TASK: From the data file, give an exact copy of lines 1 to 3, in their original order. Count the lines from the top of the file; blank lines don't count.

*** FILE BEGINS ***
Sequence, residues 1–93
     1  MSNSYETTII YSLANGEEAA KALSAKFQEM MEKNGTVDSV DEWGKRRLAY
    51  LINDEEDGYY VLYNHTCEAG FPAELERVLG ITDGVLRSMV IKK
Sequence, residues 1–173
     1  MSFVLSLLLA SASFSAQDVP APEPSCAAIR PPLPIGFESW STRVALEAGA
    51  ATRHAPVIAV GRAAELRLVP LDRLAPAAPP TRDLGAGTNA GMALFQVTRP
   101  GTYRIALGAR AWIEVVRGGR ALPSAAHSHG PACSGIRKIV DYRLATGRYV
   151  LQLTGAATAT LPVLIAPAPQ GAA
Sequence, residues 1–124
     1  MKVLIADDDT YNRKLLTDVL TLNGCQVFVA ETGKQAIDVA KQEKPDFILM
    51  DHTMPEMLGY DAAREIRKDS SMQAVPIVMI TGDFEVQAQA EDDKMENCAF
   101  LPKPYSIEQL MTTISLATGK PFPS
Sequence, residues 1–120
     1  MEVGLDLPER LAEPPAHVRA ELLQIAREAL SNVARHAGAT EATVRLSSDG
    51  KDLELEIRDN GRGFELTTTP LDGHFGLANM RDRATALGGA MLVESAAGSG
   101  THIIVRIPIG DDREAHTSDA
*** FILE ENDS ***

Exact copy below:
Sequence, residues 1–93
     1  MSNSYETTII YSLANGEEAA KALSAKFQEM MEKNGTVDSV DEWGKRRLAY
    51  LINDEEDGYY VLYNHTCEAG FPAELERVLG ITDGVLRSMV IKK